8.5. Using sudo to Delegate Privilege
Sometimes it's useful to delegate superuser privilege to a Fedora user; however, giving him the superuser password gives him total control of the system. The sudo system enables superuser privilege to be delegated on a program-by-program basis.
8.5.1. How Do I Do That?
There are two parts to sudo: the /etc/sudoers file, which controls who can do what, and the sudo command, which enables authorized users to run commands with superuser privilege.
To configure /etc/sudoers, use the visudo utility, which will start vi so that you can edit the file. When you are done, it checks the syntax before installing it. If there is a syntax error, visudo will prompt you for a course of action; to see the available options, enter a question mark:
# visudo >>> sudoers file: syntax error, line 17 <<< What now? ? Options are: (e)dit sudoers file again e(x)it without saving changes to sudoers file (Q)uit and save changes to sudoers file (DANGER!) What now? x
This entry contains the username, the computers (in this case, ALL) on which this user can execute this command (useful if the sudoers file is shared among several machines, either through a file-sharing protocol or by copying the file), and a list of commands that may be executed as root.
chris@bluesky$ sudo netstat -ap Password: bigsecret Active Internet connections (servers and established) Proto Recv-Q Send-Q Local Address Foreign Address State PID/Program name tcp 0 0 *:sunrpc *:* LISTEN 1488/portmap tcp 0 0 laptop3:smtp *:* LISTEN 1724/sendmail tcp 0 0 laptop3:x11-ssh-offset *:* LISTEN 20494/2 tcp 0 0 *:42365 *:* LISTEN 507/rpc.statd tcp 0 0 *:http *:* LISTEN 21393/httpd ...(Lines snipped)...
$ sudo /sbin/ifconfig eth2 down
The full pathname of the command (/sbin/ifconfig) is required because /sbin is not in the user's normal search path.
This time, no password is requested because it's been less than five minutes since the last time sudo asked for the user's password. To disable the password request entirely, add the keyword NOPASSWD: after the equal sign in the sudoers entry:
By default, sudo enables the execution of the listed commands as root; to enable execution as another user, place that user's name in parentheses after the equal sign in the configuration entry. For example, to permit chris to run the script /usr/local/bin/checkstatus as the user scott:
chris ALL=(scott) NOPASSWD:/usr/local/bin/checkstatus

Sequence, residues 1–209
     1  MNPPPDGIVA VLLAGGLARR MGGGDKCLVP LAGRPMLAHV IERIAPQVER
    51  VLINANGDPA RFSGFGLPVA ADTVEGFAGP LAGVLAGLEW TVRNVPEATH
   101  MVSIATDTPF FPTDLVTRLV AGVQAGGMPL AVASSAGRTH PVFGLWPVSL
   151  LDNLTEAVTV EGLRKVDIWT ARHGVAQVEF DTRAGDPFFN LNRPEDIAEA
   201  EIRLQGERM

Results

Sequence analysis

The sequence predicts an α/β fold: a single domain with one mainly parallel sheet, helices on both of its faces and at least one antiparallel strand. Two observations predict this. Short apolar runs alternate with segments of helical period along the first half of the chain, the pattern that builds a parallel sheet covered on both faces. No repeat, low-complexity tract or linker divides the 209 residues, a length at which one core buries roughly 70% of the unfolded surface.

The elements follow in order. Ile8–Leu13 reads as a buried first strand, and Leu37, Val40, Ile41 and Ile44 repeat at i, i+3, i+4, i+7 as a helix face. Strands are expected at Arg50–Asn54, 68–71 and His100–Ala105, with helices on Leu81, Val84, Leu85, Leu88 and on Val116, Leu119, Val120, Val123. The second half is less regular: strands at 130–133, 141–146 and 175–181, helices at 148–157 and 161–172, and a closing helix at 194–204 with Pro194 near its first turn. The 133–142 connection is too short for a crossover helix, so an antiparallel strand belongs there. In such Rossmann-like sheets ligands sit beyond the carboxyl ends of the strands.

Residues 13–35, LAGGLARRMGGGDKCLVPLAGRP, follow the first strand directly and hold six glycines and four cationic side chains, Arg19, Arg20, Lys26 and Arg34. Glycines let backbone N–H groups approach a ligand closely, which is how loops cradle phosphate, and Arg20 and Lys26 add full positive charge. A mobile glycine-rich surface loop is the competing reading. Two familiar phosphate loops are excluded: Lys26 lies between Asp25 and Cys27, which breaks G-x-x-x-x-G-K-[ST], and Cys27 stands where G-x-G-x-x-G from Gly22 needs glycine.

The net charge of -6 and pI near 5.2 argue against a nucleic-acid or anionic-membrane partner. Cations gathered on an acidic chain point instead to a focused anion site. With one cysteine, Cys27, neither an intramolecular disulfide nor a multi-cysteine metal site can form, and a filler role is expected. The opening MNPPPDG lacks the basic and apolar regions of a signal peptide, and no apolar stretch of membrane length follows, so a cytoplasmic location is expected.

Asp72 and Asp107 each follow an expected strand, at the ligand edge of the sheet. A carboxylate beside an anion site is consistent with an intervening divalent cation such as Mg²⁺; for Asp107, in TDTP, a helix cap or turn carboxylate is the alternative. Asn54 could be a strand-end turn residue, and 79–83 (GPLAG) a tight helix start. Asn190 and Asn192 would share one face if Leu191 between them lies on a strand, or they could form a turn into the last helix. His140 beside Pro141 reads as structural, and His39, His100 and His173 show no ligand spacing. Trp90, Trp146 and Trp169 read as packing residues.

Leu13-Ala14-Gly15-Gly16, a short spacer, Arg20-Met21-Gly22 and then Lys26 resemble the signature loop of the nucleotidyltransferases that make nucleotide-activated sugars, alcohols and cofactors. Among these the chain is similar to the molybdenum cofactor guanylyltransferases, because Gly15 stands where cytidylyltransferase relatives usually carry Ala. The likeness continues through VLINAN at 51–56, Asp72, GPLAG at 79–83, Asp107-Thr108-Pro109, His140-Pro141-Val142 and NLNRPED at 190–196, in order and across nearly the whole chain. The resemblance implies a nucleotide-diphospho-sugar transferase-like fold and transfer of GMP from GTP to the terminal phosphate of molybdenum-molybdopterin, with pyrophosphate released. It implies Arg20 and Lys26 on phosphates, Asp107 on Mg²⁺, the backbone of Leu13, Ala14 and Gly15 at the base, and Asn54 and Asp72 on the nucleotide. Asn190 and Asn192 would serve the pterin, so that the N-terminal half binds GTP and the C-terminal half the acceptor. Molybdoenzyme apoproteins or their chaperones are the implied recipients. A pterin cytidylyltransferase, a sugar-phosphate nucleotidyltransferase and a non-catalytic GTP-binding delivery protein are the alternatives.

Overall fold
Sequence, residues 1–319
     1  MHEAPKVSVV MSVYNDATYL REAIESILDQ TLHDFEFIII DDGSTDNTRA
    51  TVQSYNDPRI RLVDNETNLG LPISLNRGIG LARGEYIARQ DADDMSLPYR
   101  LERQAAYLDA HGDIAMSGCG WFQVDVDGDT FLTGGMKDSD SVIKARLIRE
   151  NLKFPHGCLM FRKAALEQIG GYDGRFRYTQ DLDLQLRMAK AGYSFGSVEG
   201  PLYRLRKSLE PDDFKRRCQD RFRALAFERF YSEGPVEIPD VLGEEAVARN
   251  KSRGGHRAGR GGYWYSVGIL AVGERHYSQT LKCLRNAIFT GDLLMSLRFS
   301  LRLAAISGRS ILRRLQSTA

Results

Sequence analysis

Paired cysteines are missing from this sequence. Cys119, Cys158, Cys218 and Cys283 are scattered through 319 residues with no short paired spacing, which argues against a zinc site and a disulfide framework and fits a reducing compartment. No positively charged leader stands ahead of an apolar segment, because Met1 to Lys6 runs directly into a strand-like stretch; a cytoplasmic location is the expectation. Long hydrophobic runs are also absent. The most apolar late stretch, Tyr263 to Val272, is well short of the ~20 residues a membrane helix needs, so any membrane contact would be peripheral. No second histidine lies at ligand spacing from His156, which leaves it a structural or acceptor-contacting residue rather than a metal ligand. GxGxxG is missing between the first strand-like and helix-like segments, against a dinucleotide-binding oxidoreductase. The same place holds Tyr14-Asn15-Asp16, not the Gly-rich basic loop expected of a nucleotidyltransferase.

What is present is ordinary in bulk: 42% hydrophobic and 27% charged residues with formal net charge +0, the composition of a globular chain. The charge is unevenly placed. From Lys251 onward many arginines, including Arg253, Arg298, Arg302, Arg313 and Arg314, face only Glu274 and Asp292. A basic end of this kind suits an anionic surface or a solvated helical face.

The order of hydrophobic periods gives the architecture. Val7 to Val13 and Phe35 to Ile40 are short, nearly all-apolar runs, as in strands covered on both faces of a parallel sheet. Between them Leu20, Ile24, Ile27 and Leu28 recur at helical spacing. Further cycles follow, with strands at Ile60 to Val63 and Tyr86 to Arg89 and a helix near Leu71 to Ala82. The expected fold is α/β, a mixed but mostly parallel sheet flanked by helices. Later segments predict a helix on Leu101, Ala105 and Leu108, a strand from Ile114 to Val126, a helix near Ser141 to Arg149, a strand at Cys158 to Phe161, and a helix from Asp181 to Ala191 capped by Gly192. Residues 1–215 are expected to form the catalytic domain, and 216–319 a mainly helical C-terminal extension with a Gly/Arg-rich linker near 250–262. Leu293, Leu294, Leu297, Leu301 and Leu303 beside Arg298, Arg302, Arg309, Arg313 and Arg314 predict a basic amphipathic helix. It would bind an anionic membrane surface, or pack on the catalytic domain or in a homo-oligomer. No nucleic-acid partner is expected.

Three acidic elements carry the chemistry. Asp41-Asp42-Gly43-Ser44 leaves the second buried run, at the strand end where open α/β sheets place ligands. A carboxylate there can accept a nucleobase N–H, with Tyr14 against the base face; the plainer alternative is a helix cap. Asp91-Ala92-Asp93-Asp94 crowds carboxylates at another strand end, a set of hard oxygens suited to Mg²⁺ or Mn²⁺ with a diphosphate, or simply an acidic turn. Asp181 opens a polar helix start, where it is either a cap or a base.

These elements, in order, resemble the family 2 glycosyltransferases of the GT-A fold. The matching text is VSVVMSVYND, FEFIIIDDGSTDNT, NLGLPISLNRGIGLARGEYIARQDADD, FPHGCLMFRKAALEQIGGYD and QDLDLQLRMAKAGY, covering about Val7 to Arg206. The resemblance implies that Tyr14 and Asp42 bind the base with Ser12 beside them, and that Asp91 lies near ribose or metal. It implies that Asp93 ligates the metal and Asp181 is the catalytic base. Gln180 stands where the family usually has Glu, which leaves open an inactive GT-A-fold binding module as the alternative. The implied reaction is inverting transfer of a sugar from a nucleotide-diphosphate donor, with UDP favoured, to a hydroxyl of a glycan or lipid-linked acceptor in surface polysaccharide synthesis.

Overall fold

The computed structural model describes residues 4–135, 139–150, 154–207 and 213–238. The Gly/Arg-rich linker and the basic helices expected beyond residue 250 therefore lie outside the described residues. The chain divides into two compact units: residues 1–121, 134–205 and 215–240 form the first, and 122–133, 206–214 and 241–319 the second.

chris can then use sudo with the -u option to specify the desired user ID:
$ sudo -u scott checkstatus
User_Alias ADMINS=sally,harry,jason Host_Alias ADMINDESKTOPS=yellow.fedorabook.com,orange.fedorabook.com Cmnd_Alias NETCONFIG=ifconfig,route ADMINS ADMINDESKTOPS=NETCONFIG
8.5.2. How Does It Work?
$ ls -l /usr/bin/sudo ---s--x--x 2 root root 106832 Feb 12 04:41 /usr/bin/sudo
Since this bit is set and the file is owned by root, it executes with root's privilege.
sudo checks the /sbin/sudoers file to determine if and how it should run the requested command. It requests a password if necessary, and then either denies execution or changes the effective user ID to the specified value (or leaves it as root) and executes the requested command.
When the user is prompted forand successfully entersher password, sudo updates a timestamp file in /var/run/sudo. The next time sudo is executed, the timestamp is checked, and if it is less than five minutes old, the user is not prompted for her password again. The timestamp is then updated.
The value of sudo lies in the ability to permit a user to execute specific commands with privilege. However, it's easy to accidentally misconfigure sudo to permit more access than intended.
For example, if you wish to permit frank to view text files owned by jenny, you could create the sudoers entry:
frank ALL=(jenny) NOPASSWD:/usr/bin/less
frank$ sudo -u jenny less /home/jenny/.bash_profile ...(Normal output of less)... ! $ id uid=508(jenny) gid=508(jenny) groups=508(jenny) $ mail -s firstname.lastname@example.org Subject: I Quit I quit because you are a hateful, mean boss. -Jenny . Cc: Enter $ rm -rf /home/jenny/* $ exit ...(Normal output of less)...
It can be useful to configure sudo for ALL commands for users that already have the root password because it encourages good practice, especially when used without the NOPASSWD option. The benefits of this configuration are:
8.5.3. What About...
220.127.116.11. ...changing the password timeout?
By default, sudo won't prompt the user for their password as long as they have entered it successfully in the last five minutes. To change this value, add this entry to the top of the /etc/sudoers file:
The value for this timeout is expressed in minutes.
18.104.22.168. ...voluntarily giving up the password timestamp?
$ sudo -k
This is useful if the terminal will be unattended for a while.
22.214.171.124. ...disabling the root password entirely (like a Debian or Ubuntu system)?
The Fedora community has discussed this idea and ultimately opted to keep a root password. Fedora's consolehelper PAM configuration relies on a root password, and using a root password can in some cases provide one additional obstacle to gaining superuser access.
8.5.4. Where Can I Learn More?